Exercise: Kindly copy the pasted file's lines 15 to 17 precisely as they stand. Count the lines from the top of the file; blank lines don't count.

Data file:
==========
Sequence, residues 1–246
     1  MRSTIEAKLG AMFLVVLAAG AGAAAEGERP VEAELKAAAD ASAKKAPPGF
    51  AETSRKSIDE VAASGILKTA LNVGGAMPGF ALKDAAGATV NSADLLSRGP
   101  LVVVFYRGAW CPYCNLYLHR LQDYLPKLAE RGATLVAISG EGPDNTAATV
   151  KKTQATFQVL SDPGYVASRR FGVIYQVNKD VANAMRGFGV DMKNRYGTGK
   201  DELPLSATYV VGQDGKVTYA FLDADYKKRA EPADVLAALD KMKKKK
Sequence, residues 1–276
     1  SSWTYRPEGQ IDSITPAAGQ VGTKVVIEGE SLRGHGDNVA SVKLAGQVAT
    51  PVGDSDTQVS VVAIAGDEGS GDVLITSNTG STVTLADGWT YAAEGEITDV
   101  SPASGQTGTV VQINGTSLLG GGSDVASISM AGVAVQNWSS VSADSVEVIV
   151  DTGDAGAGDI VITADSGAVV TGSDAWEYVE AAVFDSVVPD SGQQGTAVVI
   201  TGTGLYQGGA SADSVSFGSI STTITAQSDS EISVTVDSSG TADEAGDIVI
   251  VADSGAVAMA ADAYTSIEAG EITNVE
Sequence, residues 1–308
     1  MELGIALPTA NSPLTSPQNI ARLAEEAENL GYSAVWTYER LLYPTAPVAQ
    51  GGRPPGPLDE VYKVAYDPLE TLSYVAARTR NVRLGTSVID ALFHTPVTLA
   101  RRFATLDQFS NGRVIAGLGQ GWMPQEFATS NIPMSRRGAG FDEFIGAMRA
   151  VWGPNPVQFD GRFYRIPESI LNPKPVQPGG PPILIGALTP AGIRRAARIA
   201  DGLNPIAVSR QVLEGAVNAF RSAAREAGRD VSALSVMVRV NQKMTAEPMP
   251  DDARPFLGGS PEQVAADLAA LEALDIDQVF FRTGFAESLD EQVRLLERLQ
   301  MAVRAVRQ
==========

     1  MELGIALPTA NSPLTSPQNI ARLAEEAENL GYSAVWTYER LLYPTAPVAQ
    51  GGRPPGPLDE VYKVAYDPLE TLSYVAARTR NVRLGTSVID ALFHTPVTLA
   101  RRFATLDQFS NGRVIAGLGQ GWMPQEFATS NIPMSRRGAG FDEFIGAMRA